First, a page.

asylum | WOSU Radio

asylum

In a legal setback for the Trump administration's immigration policies, a federal judge in Washington, D.C., has ruled that the government may not arbitrarily detain people seeking asylum.

The ruling comes in a case challenging the administration's policy of detaining people even after they have passed a credible fear interview and await a hearing on their asylum claim.

Immigration Policy Separating Parents from Children

May 10, 2018
Edith Espinal speaks to an audience at Columbus Mennonite Church.
Adora Namigadde / WOSU

On Monday, U.S. Attorney General Jeff Sessions announced a "zero tolerance" policy for immigrants entering the country without documentation. 

As a result of similar recent federal actions, immigrant parents have been separated from their children -- often U.S. citizens -- and have been forced to turn to other avenues for support, including churches.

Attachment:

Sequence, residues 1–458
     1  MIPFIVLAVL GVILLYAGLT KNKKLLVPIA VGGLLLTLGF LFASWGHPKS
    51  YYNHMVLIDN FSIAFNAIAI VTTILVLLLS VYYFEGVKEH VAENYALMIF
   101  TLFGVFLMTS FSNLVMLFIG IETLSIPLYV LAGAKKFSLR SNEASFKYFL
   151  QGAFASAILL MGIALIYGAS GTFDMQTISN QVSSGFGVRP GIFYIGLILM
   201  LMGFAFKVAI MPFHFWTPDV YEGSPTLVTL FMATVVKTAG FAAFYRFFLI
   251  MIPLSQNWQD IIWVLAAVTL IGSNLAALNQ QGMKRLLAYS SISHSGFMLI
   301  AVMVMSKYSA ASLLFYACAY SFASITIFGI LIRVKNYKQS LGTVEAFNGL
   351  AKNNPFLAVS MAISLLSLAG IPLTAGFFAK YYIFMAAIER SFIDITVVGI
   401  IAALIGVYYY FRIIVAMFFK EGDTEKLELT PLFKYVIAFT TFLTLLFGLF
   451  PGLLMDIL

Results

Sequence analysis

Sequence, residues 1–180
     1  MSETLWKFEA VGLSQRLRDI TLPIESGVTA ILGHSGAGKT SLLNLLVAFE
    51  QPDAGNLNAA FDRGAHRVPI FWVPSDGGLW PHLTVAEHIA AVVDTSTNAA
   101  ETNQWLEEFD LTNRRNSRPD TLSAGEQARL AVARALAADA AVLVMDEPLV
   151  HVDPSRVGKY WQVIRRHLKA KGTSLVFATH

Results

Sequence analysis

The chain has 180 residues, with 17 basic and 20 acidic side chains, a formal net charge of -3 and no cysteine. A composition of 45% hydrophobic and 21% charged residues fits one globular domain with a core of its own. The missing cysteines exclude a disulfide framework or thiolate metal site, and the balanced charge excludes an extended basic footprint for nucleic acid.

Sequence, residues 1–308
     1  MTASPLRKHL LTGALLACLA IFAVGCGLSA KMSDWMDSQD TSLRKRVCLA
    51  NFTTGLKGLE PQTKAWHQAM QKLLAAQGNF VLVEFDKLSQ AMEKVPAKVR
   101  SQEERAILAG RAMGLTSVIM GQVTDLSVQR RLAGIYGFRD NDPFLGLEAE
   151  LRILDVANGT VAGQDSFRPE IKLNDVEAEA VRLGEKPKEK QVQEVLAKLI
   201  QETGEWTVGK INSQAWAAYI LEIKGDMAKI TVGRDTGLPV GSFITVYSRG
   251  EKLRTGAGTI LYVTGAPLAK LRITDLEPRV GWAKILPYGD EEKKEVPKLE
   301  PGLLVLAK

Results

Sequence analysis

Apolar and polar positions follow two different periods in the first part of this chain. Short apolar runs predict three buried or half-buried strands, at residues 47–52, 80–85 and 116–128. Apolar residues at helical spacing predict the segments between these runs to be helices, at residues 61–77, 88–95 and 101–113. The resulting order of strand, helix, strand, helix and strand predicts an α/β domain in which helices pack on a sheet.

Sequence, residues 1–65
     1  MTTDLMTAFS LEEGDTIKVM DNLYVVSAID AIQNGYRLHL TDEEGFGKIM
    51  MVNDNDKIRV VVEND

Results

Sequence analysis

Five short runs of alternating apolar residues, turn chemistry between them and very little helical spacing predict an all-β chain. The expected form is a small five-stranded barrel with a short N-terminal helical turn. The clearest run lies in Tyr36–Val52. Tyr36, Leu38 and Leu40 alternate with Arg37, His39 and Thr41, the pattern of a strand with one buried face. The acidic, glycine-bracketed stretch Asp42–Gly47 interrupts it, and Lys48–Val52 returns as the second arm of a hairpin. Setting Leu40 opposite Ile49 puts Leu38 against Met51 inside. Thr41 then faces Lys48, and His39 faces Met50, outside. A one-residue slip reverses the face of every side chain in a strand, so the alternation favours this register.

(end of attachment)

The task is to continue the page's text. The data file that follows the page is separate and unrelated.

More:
One such religious institution includes the Columbus Mennonite Church, which recently allowed Edith Espinal of Mexico to be the first undocumented immigrant to take sanctuary in Ohio's capital. 

Today we discuss the consequences of the new administration's immigration policies on families and on U.S. attorneys who anticipate a further decrease in the amount of time they can spend prosecuting major crimes. 

At a busy office in central Rome, the man who oversees Italy's national network of committees that process asylum requests sits behind a desk with tall piles of folders.

Angelo Trovato says each committee has three members — representing police, local authorities and the United Nations refugee agency, UNHCR.

"Each applicant is interviewed by one committee member," says Trovato. "But when it comes to deciding the destiny of an individual, the decision can't be by a single person. It must be reached collectively."

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